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I was wondering what is the relation between the first and second Borel–Cantelli lemmas and Kolmogorov's zero-one law?

The former is about limsup of a sequence of events, while the latter is about tail event of a sequence of independent sub sigma algebras or of independent random variables. Both have results for limsup/tail event to have either probability 0 or 1. I guess there are relations between but cannot identify them.

Can the former be viewed as a special case of the latter? How about in reverse direction?

Thanks and regards!

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up vote 10 down vote accepted

The first Borel-Cantelli is simply the fact that the probability of a union is at most the sum of the probabilities; it has nothing in common with Kolmogorov zero-one law.

What Kolmogorov zero-one law tells you in the setting of the second Borel-Cantelli lemma is that the probability of the limsup is $0$ or $1$, because (1) the limsup is always in the tail $\sigma$-algebra, (2) you are considering independent events, hence their tail $\sigma$-algebra is trivial. Then the second Borel-Cantelli lemma itself tells you that this probability is in fact $1$ under the non summability condition which you know.

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Thanks! Could you elaborate (1) why "considering independent events, hence their tail σ-algebra is trivial"? What is their tail σ-algebra? (2) why "this probability is in fact 1 under the (non) summability condition"? Doesn't the second Borel-Cantelli lemma only consider nonsummarbility condition which implies probability 1? Does it consider nonsummability condition? –  Tim Feb 25 '11 at 15:10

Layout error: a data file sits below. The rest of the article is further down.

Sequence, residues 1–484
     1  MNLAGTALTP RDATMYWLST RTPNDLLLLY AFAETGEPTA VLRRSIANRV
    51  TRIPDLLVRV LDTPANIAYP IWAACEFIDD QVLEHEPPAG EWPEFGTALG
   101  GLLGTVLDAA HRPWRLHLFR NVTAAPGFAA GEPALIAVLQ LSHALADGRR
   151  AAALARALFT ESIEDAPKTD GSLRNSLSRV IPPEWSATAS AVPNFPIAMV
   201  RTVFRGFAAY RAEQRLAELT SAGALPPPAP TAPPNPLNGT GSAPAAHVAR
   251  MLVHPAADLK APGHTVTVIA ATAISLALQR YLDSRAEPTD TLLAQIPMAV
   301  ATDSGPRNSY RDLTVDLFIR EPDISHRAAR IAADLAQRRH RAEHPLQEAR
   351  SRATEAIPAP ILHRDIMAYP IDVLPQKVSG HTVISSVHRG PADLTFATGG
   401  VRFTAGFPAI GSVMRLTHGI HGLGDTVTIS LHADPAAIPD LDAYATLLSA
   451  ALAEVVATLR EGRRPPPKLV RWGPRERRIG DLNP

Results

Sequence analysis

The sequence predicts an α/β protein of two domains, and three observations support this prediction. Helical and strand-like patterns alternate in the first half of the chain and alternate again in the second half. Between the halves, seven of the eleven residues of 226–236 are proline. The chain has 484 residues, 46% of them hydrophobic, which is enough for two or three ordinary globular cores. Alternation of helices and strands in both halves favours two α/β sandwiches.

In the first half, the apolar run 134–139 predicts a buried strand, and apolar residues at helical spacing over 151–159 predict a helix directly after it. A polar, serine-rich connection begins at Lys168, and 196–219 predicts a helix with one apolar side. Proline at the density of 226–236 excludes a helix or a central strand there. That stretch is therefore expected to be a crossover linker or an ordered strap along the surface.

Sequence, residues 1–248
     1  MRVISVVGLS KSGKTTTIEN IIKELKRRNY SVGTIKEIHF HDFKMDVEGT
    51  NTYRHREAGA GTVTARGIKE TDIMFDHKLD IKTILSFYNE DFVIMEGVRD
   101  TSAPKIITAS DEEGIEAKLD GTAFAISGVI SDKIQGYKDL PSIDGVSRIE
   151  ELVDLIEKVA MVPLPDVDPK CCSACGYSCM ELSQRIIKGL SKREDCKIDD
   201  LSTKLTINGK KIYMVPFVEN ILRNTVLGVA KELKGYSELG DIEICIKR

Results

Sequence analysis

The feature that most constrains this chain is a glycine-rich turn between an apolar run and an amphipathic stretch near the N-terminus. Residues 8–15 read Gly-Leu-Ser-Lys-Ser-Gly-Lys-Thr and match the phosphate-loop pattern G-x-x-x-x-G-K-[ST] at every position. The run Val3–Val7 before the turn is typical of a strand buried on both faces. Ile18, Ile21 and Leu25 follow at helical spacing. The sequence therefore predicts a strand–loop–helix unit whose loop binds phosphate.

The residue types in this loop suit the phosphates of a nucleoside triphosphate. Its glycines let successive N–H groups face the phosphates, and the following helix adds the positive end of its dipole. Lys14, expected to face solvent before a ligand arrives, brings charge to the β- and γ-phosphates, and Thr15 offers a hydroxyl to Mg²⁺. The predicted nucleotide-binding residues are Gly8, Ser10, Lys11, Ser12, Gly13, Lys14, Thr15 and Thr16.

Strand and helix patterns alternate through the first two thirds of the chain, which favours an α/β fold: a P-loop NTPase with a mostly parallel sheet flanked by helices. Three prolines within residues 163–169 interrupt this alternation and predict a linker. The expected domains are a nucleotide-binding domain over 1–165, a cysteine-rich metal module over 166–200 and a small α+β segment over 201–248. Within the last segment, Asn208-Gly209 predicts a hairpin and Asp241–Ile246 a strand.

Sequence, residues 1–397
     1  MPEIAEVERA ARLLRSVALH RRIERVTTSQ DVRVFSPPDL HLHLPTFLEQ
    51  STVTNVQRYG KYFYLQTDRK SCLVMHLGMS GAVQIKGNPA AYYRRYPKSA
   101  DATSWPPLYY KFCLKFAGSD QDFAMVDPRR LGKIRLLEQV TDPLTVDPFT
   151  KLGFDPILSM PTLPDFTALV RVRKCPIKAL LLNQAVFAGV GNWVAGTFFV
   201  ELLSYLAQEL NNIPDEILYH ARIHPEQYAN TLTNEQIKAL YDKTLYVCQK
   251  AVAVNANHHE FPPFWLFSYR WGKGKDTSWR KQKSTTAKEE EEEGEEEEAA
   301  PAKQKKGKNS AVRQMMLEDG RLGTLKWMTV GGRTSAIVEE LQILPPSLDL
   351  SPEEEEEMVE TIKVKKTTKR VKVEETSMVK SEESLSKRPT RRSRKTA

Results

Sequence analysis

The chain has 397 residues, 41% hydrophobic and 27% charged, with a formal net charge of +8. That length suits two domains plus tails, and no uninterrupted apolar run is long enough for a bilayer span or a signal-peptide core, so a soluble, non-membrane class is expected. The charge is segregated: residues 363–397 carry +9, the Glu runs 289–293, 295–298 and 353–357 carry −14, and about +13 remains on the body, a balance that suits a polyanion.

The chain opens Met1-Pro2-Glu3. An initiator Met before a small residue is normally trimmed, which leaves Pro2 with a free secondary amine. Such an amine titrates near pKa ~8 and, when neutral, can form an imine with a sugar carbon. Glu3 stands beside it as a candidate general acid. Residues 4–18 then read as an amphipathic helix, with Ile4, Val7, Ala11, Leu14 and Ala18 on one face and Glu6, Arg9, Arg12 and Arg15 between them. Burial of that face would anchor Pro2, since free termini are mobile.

@Tim: (1) The definition of a tail event is on the page you link to. (2) Doesn't the second Borel-Cantelli lemma only consider nonsummability condition which implies probability $1$? Yes, this is the statement of second BC lemma. Does it consider nonsummability condition? Same question, same answer. Sorry but I fail to see what you want me to add to what I wrote in my post. –  Did Feb 25 '11 at 16:47
    
Thanks! For (2), I made a typo, in my comment, but after your update, I don't have doubts any more. For (1), what is the tail σ-algebra here (not asked for definition)? I want to see how trivial it is. Thanks! –  Tim Feb 25 '11 at 16:57
    
@Tim: As the WP page you linked to explains, the tail $\sigma$-algebra of a sequence of $\sigma$-algebras $(\mathcal{F}_n)_n$ is the $\sigma$-algebra $\bigcap_{n=1}^\infty G_n$, where each $G_n$ is the $\sigma$-algebra generated by $\bigcup_{k=n}^\infty \mathcal{F}_k$. –  Did Feb 25 '11 at 17:04
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